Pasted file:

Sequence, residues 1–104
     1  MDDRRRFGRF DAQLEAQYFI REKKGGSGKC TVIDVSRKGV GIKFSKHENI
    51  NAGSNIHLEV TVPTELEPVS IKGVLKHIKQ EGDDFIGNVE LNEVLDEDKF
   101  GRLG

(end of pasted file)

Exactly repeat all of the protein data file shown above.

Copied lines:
Sequence, residues 1–104
     1  MDDRRRFGRF DAQLEAQYFI REKKGGSGKC TVIDVSRKGV GIKFSKHENI
    51  NAGSNIHLEV TVPTELEPVS IKGVLKHIKQ EGDDFIGNVE LNEVLDEDKF
   101  GRLG